Purdue Fights OxyContin Lawsuits [PLUS: NYT Deletes Tweet and Censorship on Facebook]

The Purdue Saga Continues [PLUS: NYT Deletes Tweet and Censorship on Facebook]

The Purdue Saga Continues

We have another important update for you regarding the Purdue Pharma lawsuit.

Reports indicate that the pharmaceutical company has reached a potential deal to resolve over 2,000 lawsuits. Purdue Pharma’s responsibility in promoting the opioid crisis is finally being addressed – to an extent, anyway.

If the deal is finalized, then it will protect Purdue from having to go to trial. This also means that the company has to pay around $3 billion in cash and file for bankruptcy. In the future, any money made from the sale of Oxycontin would be put into a trust that would be used to help communities affected by widespread opioid abuse.

Not everyone is happy, though. Attorneys general from New York, Connecticut, and North Carolina don’t believe that $3 billion goes far enough. The family that owns Purdue Pharma, the Sacklers, is worth over $13 billion. New York Attorney General Letitia James said the family is “attempting to evade responsibility and lowball millions of victims of the opioids crisis.”

Eyes from across the nation are fixated on the results of this case.

New York Times Deletes 9/11 Tweet

Someone at The New York Times definitely regrets their tweet on the anniversary of 9/11.

Twitter users quickly pointed out that the tweet implied the airplanes (not the terrorists) were at fault for the attack on the World Trade Center.

Following the backlash, the paper deleted the tweet and made a new one that says “18 years after nearly 3,000 people were lost, families of those killed in the terror attacks will gather at the 9/11 memorial. There will be a moment of silence at 8:46 a.m., then the names of the dead — one by one — will be recited.” The original story was also edited to say that terrorists commandeered the planes.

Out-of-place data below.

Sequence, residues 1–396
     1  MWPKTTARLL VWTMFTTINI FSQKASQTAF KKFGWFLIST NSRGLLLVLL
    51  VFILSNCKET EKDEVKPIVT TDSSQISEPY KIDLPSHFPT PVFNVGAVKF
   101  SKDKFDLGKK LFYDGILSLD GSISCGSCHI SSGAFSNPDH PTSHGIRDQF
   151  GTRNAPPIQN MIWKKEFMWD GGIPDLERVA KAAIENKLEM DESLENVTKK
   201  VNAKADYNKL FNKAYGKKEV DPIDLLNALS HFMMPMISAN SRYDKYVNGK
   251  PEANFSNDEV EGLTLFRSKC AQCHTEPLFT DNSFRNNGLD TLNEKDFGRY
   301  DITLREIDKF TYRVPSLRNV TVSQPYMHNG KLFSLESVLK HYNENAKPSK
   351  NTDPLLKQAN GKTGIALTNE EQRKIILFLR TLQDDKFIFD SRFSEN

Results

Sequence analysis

One would think that a prestigious news organization, like The New York Times, would have a little quality control with their content.

GOP Senators Upset over Pro-Life Censorship on Facebook

Sen. Ted Cruz (R-TX), Josh Hawley (R-MO), Kevin Cramer (R-ND), and Mike Braun (R-IN) decided enough was enough in light of Facebook’s treatment of a pro-life page. They sent a letter to Mark Zuckerberg, Facebook’s CEO, to condemn the company’s behavior.

Live Action, a group with over 2 million followers, shared two videos making the case that abortions are, medically speaking, never necessary. The videos, which include Live Action president Lila Rose and Dr. Kendra Kolb, a neonatologist, were reported for having false information.

Fact-checkers at Facebook then sent a notice to anyone who had shared the videos informing them that that they had shared a post with false content. Live Action claim’s that the fact-checks were done by Robyn Schickler and Daniel Grossman, who are both pro-choice activists. This is a blatant attack against Live Action by Facebook.

A few hours after the Senators’ letter was sent, Facebook added another violation to the group’s page.

Being accused of these particular violations prevents a page from sharing certain posts and interacting with followers. The company in charge of fact-checking for Facebook stated it would investigate Science Feedback, who claimed Live Action’s videos were giving out false information.

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